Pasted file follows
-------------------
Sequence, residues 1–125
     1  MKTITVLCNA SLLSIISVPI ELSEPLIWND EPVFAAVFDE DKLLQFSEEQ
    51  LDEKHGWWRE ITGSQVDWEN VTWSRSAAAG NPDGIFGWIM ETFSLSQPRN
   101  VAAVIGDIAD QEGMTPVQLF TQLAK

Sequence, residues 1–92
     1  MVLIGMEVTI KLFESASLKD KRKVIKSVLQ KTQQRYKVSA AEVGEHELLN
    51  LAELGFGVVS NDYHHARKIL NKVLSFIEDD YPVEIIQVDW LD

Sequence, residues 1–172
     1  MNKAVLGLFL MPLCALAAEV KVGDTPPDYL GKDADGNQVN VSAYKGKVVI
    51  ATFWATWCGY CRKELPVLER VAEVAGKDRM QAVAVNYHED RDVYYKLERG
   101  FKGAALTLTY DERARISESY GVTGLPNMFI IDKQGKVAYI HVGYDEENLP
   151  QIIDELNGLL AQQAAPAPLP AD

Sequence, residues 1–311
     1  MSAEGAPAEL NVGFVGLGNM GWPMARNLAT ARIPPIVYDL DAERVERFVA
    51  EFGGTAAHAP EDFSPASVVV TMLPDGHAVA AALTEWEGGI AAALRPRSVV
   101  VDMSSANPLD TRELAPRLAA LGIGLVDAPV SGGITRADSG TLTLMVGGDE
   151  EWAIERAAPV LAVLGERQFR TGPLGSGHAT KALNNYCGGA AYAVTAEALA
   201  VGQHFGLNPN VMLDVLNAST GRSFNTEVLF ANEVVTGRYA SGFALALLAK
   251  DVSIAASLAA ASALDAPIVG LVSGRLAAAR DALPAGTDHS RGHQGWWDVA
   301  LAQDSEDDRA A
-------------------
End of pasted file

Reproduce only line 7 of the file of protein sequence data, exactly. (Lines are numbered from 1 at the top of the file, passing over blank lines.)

    51  LAELGFGVVS NDYHHARKIL NKVLSFIEDD YPVEIIQVDW LD